5. Mindfulness – same old, same old, but incorporating this in every day is key to lowering stress, and making you feel safe and secure. Even a few deep breaths during the day can improve your stress drastically.
  6. Creating – when we’re busy running away from stressful events, creativity is not something we have time for. But this is another thing we can do daily to make us feel safe. When we give ourselves space to do whatever it is we enjoy (cooking, drawing, writing, painting, crafting, building, etc.), that is another sign to our bodies that stress isn’t an urgent problem. Finding some creative time every day can really help with burnout.


But we can’t forget about the emotion! Because remember: burnout = stress + emotion.

Processing our emotions properly is the best way to heal and prevent future burnout. This can be a BIG task. We’re not very good at processing emotions because we don’t like feeling negative emotions, and people around us get uncomfortable when we experience negative emotions.

But those negative emotions are there, they’re real, and they need to be dealt with.

Properly processing emotions might mean that you need to find a great external support, like a psychologist, a counselor, a social worker, a psychotherapist, or someone else you trust. But if you want to start the journey on your own, here is where I’d recommend you start:

  1. Awareness – start to become aware of the emotions that you’re experiencing. No judgement, just awareness. Recognize what changes in your body and how you feel when there’s a new or negative emotion.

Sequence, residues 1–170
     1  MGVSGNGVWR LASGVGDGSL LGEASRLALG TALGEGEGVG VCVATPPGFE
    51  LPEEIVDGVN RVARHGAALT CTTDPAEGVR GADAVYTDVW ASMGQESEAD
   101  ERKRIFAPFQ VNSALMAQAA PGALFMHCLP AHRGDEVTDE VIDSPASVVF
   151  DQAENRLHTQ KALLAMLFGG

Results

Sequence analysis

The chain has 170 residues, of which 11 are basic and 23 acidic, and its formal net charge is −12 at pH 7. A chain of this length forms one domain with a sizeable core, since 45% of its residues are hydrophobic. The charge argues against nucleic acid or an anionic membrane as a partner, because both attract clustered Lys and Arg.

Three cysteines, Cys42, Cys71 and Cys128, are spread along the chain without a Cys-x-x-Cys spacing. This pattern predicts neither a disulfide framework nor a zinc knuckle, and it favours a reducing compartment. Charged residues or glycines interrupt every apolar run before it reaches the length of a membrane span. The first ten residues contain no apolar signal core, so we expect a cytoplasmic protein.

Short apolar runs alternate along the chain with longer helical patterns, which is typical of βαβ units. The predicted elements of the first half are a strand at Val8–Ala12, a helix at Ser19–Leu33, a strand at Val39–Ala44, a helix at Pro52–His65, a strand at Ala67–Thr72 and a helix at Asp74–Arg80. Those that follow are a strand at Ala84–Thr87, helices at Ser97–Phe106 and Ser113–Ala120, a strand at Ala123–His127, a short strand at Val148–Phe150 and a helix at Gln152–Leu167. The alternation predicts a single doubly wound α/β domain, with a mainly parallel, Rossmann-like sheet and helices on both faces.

2. Name your emotion – despite the fact that we logically know what the names of the emotions are, we aren’t great at naming the emotions we experience. There is a lot of anger and rage in the world right now, and I believe a great deal of that comes from fear. There are a lot of scared people in the world right now, and anger and rage are often how fear shows up.
  3. Let it happen – just sit with the emotion and let it happen. No emotion (not even the good ones) last forever. You might need to move to a space where you can be alone, but giving yourself the space to just experience the emotion is incredibly important.

None of this is easy! All of this is hard work, and it takes time.

But here’s the thing – no one can do this work for you. And I promise you, no one else is going to advocate for you. If you are feeling burnt out, you need to figure out what needs to happen in your life to fix that, and then put a plan in place. There are tons of resources and supports for you, but you have to take that first step. And you should, because you deserve it!

One of the best resources on burnout I’ve found is Dr. Emily Nagoski. If this topic is interesting to you, this is a great video about burnout that you should check out this video.

And if you’re struggling with sleep as a result of burnout (or maybe that might be aggravating your burnout), book a free call with me right now so we can talk about getting some of those resources and supports into place for you. Click here to book!  

Elizabeth Brothers Health